She mentioned that writing the trilogy was an extremely emotional process for her and she had to tap into a ‘deep well of sadness’ within herself. After she had children and had to deal with the premature birth of her child, she didn’t feel she could write such intensely emotional subject matter. For her upcoming book, The Start-up Wife, she has chosen to write a rom-com about an entrepreneur couple.
A Politician with a Message of Peace – Shashi Tharoor
Writer, politician and historian Shashi Tharoor spoke about the increasing disorder in world affairs at present. The rise of the East is viewed with scepticism and fear by the West. The international liberal order is facing a moment of crisis. Globalisation is confronted by economic nationalism. Strong leaders are exploiting the grievances of citizens (whether imagined or real) to discard global ideals and champion local interests.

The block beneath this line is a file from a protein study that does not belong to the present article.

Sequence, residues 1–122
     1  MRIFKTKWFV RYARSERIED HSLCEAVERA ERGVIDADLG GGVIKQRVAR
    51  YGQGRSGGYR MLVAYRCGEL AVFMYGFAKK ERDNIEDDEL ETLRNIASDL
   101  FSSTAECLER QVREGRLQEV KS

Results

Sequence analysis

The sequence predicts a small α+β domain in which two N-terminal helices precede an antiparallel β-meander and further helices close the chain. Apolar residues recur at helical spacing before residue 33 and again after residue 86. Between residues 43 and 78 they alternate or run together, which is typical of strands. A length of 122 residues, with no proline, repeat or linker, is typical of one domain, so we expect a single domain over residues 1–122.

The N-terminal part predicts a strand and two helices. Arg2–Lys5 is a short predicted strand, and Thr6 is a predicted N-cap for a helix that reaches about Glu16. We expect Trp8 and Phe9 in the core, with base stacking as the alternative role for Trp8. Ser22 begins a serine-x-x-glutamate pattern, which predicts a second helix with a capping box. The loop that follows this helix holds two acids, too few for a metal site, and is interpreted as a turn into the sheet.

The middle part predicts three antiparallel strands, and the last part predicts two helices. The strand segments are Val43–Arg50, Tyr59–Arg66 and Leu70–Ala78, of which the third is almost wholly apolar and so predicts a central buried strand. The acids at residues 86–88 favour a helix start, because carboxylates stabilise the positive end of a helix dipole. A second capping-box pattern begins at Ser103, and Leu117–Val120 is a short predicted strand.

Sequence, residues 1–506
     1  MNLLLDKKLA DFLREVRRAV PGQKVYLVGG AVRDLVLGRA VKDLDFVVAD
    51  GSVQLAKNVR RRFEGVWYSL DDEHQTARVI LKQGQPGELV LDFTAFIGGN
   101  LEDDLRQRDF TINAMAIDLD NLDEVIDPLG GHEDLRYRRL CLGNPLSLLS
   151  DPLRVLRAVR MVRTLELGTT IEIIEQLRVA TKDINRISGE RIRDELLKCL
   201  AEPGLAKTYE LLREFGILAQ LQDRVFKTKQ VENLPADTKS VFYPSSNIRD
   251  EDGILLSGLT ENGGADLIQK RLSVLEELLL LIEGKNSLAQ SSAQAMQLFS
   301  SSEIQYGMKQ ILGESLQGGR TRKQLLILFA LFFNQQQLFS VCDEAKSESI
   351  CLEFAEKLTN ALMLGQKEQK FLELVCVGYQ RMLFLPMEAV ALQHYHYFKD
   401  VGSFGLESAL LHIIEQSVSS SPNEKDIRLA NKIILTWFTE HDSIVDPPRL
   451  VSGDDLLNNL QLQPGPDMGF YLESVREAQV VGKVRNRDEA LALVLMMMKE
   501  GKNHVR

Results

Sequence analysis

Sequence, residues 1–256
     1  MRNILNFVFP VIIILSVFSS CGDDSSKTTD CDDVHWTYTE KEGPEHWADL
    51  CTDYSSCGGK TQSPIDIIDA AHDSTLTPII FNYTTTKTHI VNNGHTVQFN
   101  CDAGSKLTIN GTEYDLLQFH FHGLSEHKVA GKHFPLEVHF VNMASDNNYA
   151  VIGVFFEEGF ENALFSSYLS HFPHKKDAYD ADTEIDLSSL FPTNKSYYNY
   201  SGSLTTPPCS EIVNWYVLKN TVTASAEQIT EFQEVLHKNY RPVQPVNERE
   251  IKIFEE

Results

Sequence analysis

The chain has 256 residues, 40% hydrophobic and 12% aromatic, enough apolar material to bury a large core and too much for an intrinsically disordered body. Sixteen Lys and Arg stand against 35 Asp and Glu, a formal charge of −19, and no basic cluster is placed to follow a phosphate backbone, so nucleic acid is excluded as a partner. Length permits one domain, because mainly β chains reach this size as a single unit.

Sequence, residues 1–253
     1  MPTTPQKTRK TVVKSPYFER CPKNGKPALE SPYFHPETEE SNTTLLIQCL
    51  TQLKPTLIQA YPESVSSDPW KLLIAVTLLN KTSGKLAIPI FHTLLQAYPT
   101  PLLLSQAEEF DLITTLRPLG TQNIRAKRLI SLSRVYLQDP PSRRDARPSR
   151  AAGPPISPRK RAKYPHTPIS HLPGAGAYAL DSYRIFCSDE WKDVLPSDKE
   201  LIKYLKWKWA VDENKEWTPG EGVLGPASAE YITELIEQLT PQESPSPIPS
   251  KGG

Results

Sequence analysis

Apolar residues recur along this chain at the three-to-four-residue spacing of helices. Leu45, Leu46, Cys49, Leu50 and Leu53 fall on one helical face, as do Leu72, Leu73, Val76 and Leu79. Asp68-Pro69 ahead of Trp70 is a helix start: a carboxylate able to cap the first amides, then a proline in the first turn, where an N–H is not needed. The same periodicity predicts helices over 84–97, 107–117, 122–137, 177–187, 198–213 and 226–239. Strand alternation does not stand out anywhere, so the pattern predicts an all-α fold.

Tharoor spoke out against the rise of intolerance in India at the moment, including the issues of Kashmir and the anti-Muslim Cititizenship (Amendment) Act, that have led to riots. He said the current government policies and the wave of intolerance have been counter to the principles of secularism and acceptance that India was founded on.
About the Author:
Tamreez Inam is an avid reader and aspiring writer. She loves talking about books on her Instagram account @tamreezi. An international trade and development consultant by background, she recently joined the Education team at the Emirates Literature Foundation, a non-profit organisation committed to improving lives by spreading the love of literature.